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Re: some comments/questions on techniques instructions document for submitters

From: Denis Boudreau <dboudreau@accessibiliteweb.com>
Date: Sun, 11 Sep 2011 16:17:41 -0400
Cc: Eval TF <public-wai-evaltf@w3.org>
Message-id: <9F55DD88-85CD-4A14-8995-EF1B9120BCA1@accessibiliteweb.com>
To: WCAG WG <w3c-wai-gl@w3.org>
Hi Gregg,

Sorry for the (very) late response,

While this thread has kept going on the EvalTF mailing list, I thought I'd answer some of your questions here as well for discussion's sake.

On 2011-08-20, at 10:22 AM, Gregg Vanderheiden wrote:

> The sampling approach is also a good idea.   If you find nothing -- then one could sample more if one wanted to be thorough.  But that is usually enough to find any systematic errors or issues.  

This is also my belief, yes.

> When you talk about atomic tests - are these automated or both automated and human?  If so - approx what percent of each or both?

I haven't gone back to really count them but an estimate would be around 27-30% automated. The balance are human-made tests. Most are done with tools like browser extensions or toolbars, but some are done simply by going through the source code (or screen readers).

> Also, when the web site doesn’t do any of the techniques listed in WCAG - what do you do?  

When a SC is irrelevant (because it does not apply to the audited page), we simply do not take it into account. Our notes would say either "pass", "fail" or "n/a" (not applicable). 

So on some pages, we will apply WCAG in full, while on others, we might apply only some of the SC. Pages with video content would not be measured against 1.2 for instance.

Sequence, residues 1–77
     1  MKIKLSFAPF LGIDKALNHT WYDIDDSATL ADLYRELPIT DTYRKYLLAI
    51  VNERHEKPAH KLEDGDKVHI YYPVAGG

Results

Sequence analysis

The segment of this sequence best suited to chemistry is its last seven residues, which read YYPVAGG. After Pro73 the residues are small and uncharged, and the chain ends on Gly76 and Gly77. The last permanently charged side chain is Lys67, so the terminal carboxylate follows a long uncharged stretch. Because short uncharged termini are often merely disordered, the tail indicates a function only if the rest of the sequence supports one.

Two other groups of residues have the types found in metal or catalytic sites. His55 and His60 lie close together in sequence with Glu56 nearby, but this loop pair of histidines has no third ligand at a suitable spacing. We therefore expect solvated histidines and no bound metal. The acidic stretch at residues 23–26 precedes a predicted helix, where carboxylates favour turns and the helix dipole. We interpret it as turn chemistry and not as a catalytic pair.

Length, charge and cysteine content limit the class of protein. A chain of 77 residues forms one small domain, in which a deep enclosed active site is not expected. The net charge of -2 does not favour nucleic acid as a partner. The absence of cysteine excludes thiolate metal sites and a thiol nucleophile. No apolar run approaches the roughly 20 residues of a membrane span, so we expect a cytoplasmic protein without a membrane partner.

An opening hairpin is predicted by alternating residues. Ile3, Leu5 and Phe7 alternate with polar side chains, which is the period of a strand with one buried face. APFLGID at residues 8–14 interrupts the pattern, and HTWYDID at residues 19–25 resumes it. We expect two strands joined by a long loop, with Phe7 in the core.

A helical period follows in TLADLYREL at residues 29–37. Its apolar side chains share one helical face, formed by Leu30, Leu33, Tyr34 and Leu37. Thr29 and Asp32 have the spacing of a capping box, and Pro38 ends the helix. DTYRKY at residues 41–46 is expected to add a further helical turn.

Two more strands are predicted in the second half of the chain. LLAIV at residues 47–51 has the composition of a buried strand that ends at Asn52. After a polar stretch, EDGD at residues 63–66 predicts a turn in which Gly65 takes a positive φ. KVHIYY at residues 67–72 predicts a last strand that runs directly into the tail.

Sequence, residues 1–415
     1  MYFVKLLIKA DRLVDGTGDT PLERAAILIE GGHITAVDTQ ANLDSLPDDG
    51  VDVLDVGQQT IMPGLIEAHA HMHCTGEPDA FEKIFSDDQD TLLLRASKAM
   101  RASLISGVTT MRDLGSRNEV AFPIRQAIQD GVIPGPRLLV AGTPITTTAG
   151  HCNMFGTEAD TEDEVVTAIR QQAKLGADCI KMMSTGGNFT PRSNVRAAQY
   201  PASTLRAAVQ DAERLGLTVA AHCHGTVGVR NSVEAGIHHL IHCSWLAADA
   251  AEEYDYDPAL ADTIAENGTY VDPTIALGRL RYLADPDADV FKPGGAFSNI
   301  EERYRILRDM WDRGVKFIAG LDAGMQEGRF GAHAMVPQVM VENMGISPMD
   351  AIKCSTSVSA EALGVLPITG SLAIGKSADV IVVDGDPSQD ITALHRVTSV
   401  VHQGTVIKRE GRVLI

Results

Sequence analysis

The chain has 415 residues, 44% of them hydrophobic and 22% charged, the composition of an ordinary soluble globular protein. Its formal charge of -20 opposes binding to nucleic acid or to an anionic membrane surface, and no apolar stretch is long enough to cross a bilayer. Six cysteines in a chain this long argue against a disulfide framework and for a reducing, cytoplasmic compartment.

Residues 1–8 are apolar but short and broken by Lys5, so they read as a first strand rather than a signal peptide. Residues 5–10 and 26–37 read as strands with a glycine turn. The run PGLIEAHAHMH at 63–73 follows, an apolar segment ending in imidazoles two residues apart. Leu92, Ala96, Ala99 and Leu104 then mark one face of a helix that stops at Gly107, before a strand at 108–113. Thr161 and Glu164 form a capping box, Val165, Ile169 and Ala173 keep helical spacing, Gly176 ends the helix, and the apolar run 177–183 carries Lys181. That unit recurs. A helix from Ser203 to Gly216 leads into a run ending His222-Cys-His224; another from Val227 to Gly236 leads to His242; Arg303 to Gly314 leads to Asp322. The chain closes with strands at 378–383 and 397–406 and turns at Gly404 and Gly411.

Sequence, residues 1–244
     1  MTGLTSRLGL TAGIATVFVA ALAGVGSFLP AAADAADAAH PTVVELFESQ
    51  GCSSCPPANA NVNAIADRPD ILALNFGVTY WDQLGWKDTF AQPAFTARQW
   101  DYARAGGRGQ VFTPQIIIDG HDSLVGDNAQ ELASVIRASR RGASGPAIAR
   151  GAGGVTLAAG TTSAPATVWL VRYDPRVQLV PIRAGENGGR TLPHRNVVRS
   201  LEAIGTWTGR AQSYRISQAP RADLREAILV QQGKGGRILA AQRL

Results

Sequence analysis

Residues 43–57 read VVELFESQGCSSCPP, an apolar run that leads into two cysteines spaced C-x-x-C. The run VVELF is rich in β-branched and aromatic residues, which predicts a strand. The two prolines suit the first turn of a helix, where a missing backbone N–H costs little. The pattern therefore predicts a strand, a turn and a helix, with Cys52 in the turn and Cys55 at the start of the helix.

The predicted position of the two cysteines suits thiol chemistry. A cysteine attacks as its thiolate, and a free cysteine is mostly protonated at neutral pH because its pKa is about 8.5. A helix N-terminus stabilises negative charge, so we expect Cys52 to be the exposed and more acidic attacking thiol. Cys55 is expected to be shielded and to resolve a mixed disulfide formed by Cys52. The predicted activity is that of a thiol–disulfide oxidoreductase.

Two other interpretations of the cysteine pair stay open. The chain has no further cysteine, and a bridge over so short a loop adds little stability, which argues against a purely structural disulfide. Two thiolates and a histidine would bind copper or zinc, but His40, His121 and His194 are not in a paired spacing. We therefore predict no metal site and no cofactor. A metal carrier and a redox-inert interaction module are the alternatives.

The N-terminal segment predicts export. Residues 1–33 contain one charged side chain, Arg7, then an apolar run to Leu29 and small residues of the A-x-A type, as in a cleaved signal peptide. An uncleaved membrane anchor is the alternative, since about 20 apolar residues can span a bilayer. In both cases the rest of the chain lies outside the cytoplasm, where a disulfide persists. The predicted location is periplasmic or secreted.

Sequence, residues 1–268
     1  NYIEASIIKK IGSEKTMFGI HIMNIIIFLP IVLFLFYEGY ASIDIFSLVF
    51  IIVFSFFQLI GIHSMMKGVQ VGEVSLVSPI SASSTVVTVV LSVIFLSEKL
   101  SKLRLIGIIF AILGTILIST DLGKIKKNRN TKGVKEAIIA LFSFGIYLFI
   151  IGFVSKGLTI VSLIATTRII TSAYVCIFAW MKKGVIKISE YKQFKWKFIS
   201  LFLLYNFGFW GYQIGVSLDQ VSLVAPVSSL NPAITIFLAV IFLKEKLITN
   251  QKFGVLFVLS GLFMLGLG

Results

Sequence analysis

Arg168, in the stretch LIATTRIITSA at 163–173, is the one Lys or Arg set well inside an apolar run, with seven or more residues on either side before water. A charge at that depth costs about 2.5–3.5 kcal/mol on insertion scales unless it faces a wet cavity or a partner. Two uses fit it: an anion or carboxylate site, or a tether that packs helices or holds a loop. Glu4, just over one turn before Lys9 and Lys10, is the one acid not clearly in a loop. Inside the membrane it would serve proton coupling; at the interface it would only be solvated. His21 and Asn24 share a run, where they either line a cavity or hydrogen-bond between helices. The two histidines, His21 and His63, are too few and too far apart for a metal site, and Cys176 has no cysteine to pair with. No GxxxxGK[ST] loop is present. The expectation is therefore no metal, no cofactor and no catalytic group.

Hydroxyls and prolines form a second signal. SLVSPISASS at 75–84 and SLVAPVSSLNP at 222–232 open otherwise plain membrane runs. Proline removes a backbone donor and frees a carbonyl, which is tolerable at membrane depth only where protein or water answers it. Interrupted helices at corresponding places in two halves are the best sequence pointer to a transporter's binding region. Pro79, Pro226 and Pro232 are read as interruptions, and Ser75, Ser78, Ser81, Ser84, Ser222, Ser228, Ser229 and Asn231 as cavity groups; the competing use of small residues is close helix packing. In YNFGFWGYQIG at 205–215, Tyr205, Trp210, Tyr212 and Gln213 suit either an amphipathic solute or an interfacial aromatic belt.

> Finally, how do you detect information that is presented only visually by page layout?     And then how would you associate that with programmatically determined text?

A combination of screen reader testing and CSS disabling usually does the trick.

> Does the "just 12 pages" approach allow you to use humans - so that does the trick? 

We resort to user testing on most evaluations we run. Sometimes, if we're lucky enough and the client has the required budget, those tests will be made by "real" people with disabilities, not by us who only "pretend" for testing purposes. 

But yes, in all cases, this approach usually does the trick.

> I presume this 12 pages is for a rather modest (hundreds vs hundreds of thousands of web pages) or highly templated web site.   Some companies have dozens or scores of "home" pages - that are all different in format. 

Yes, it's mostly based on the templates we find on any given website (but could also be motivated by the client's budget of course). 

Most sites we work on have between 4 to 12 templates, which explains my figures. On bigger websites with many more templates, then we'd be tempted to evaluate more, but the costs increase accordingly so we would not necessarily be allowed to do much more.

Best regards,

Received on Sunday, 11 September 2011 20:18:05 UTC

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